This world premiere from The Civilians offers a small audience an intimate, immersive experience, recreating the salons of Paul Swan, a bisexual/gay, multi-disciplinary artist. More…
While Swan never achieved the recognition he desired as a modern Renaissance man (painter, sculptor, poet, dancer, etc.), he achieved a different kind of fame, largely through weekly salons. Those held in his studio atop Carnegie Hall, every Saturday from the 1930’s through the 60’s. As the years progressed (and as Swan added layers of pancake make-up and black shoe polish), the tragic, the camp, and the sublime intertwined to create his greatest artwork–himself. Playwright Claire Kiechel has a personal stake in Paul Swan; he is her great-great uncle.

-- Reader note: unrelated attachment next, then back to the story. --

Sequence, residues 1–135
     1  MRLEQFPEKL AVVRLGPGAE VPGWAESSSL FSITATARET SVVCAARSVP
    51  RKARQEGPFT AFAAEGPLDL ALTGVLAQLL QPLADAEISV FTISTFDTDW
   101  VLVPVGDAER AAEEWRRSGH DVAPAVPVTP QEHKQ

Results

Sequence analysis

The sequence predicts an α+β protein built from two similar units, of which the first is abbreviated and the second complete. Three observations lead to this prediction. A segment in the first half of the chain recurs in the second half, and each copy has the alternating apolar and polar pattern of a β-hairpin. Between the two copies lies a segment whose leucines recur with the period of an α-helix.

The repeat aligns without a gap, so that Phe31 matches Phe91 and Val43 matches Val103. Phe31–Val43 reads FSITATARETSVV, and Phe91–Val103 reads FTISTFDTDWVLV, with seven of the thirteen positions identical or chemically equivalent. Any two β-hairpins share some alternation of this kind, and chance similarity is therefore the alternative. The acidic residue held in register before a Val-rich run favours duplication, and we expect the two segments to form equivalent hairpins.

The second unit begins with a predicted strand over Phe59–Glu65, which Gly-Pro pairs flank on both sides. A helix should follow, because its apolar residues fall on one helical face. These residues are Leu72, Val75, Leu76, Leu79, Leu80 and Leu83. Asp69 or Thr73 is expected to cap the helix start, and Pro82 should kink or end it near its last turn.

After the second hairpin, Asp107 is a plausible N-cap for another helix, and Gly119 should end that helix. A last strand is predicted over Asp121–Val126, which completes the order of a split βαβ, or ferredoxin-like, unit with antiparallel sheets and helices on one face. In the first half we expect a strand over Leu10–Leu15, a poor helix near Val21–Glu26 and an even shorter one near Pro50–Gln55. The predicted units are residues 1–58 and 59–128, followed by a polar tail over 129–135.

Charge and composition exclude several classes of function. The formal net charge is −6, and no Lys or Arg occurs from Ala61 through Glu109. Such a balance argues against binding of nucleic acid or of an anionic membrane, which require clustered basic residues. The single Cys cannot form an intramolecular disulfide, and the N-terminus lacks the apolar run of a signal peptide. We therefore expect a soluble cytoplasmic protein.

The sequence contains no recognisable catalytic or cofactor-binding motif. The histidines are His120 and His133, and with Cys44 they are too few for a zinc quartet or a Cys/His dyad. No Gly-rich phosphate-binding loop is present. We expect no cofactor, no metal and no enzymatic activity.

And in "Paul Swan is Dead and Gone," she resurrects her ancestor’s salon and re-imagines it as an electrically charged theatrical space where the forces of life, death, and art do battle.
See it if you like your camp served up with a healthy dose of avant garde pretentions. You like great acting. You like shows in unusual spaces.
Don't see it if if you want pure camp or a show with a lot of pathos. It is smart and often very funny but it doesn't quite add up to much.
See it if You want to be dazzled. Paul Swan is Dead and Gone hurtles you back into the last century & forces you to confront the possibilities of camp
Don't see it if You are wedded to realism.
See it if you want something pretty radical and unique. Super cool ideas and performances. It’ll stay on your mind and give you plenty to talk about.
Don't see it if You want conventional, easy, passive theater.
See it if So entertaining. Performances are all excellent, especially Mr. Torn and Mr. Johanson. Beautiful writing, witty/wise and heartbreaking.
Don't see it if You feel uncomfortable watching theater or performers in an intimate setting.